Rugby, a sport that has become a means of rehabilitating inmates – Information – 04/30/2022

While they wait for the 1:00 PM to strike, some prisoners are inside the cell thinking about plays, moves, or even formulating questions in their heads so that they can later discuss them with the coaches. Others anxiously wait for the moment they can leave the unit, run on the grass, breathe fresh air, and escape the reality of confinement for a few hours.

On the way to the court, you can see how the energy reached its peak among the inmates: they joke with each other, they talk loudly and laugh, they pat each other on the back and run towards the court. A group of inmates are talking about the tragic news of a father who killed his two sons, aged eight and nine, last Tuesday, and the operator told El País newspaper that the event caused a lot of uproar among those deprived of their liberty.

Los Titanes de Punta de Rieles meets in the midfield round and one of the coaches, Diego Ardao (26), begins training: “As we always tell you, rugby is a sport and at the same time it is a game, but the only way to have fun is to train hard alongside Along with those who have trained for a long time. As much as they get tired, beaten, or feel things are not working for them, in the end they will enjoy it a lot, I promise.”

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Unit 6 in Punta de Reles has 1,732 inmates, of whom between 30 and 60 men are involved in rugby training. This sport, like football and boxing, began to develop in this prison four years ago, and the initiative to bring rugby to prisons arose from an agreement between Ministry of Interior Affairs and rugby union in Uruguay (URU) signed in 2016.

The deputy technical director of the prison unit, Alejandra Otanha, explains to El País that the prisoners from all units make up the team and they are people who have committed all kinds of crimes given that in this case “the person is not seen because of the crime but for effort and good conduct.”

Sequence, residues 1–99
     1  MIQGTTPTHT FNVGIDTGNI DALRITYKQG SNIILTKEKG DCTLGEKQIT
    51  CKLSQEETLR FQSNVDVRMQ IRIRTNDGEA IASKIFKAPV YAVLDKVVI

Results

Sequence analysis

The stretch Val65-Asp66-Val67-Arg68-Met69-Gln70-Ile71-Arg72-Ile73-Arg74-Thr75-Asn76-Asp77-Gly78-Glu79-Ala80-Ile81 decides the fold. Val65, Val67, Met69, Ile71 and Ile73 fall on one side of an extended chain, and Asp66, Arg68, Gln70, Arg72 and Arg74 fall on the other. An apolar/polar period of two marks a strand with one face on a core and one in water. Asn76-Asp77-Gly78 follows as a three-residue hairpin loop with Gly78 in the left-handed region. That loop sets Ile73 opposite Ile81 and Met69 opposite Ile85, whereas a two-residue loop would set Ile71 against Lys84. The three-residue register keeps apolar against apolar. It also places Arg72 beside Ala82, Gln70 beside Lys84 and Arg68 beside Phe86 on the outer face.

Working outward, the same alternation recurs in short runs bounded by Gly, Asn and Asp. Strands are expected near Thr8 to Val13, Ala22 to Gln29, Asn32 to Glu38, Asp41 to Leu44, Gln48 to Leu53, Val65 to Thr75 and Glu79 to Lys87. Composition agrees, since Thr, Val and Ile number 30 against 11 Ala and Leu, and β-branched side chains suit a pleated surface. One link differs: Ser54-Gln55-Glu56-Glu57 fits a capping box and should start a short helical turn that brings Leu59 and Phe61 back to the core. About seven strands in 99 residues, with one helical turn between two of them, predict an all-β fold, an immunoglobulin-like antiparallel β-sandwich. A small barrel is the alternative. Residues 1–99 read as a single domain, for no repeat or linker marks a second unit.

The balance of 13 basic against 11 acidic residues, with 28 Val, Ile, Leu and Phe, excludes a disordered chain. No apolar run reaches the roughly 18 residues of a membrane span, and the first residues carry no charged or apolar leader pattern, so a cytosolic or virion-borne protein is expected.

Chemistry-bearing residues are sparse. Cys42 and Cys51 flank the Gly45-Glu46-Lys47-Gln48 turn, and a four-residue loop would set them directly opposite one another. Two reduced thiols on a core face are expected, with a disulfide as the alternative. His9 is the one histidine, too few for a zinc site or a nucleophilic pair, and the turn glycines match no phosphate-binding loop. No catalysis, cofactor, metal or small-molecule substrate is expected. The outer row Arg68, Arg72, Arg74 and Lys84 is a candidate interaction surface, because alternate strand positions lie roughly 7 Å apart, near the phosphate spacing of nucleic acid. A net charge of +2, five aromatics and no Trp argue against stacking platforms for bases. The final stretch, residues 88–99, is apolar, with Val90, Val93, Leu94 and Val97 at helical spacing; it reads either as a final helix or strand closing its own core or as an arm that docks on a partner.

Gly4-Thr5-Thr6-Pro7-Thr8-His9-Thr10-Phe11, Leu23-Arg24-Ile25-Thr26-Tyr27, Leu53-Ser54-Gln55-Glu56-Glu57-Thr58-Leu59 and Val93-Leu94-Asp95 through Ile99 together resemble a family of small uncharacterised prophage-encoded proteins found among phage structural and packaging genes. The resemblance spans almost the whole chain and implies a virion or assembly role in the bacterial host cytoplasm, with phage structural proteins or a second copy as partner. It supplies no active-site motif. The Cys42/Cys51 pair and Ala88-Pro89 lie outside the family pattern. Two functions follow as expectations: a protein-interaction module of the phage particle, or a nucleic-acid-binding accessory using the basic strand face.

In between pass and pass, three guests motivate the rest of their teammates and cheer them on with comments like “Let’s go up guys!” or “Let it go!”. But the coaches are getting tougher: whoever drops the ball must make 10 push-ups. Whatever goes wrong during practice or if someone does not want to cooperate, it is the prisoners themselves who correct each other and insist that the whole team go towards the same goal, especially the one who encourages them the most in this regard is the captain. Christian (32) joined the team a year ago. They named him the captain of an inter-prison tournament in which teams from Las Rosas de Maldonado and Comcar participated. He always loved sports, but never imagined that rugby was the activity that would give meaning to his entire prison stay. “This space means 90% of being here,” he says. “Practically everything is forgotten,” he adds.

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Former British Prime Minister Winston Churchill described rugby as a game of barbarians played by gentlemen. And it is that those who watch this sport – of British origin – for the first time will surely be subjected to heavy blows between players, especially due to “interventions” (dropping an opponent) or during a “scrum” (physical disagreement over possession of the ball). But the sport also has an element of team play, unity, discipline and respect that stands out. And these values, coaches stress, really make a difference for people deprived of their freedom moving forward. One of the coaches, says Matthias Palomec, 35, who is a coach.

A meeting between prisons

Lacale Bou in a rugby match

The President of the Republic, Luis Lacalle Pou, participated in a rugby match at the University of Maldonado Stadium last Tuesday, between the Argentine team “Los Spartanos”, made up of people deprived of their freedom, and the “Phoenix” team of Unity. No. 13, Las Rosas.

“We say yes to second chances”: this is the motto of Fundación Espartanos, born as a rugby team from the 48th Maximum Security Prison Unit in Buenos Aires.

Currently, it has developed several programs aimed at the social reintegration of people deprived of their liberty within the framework of four pillars: education, rugby, spirituality, and employment.

It was this movement, which spread throughout Argentina, that inspired the Uruguayan rugby union and other organizations to promote the sport in our country’s prisons.

Espartanos with INISA and the Halcones Foundation held a meeting in Colonia Berro yesterday morning for 47 young people.

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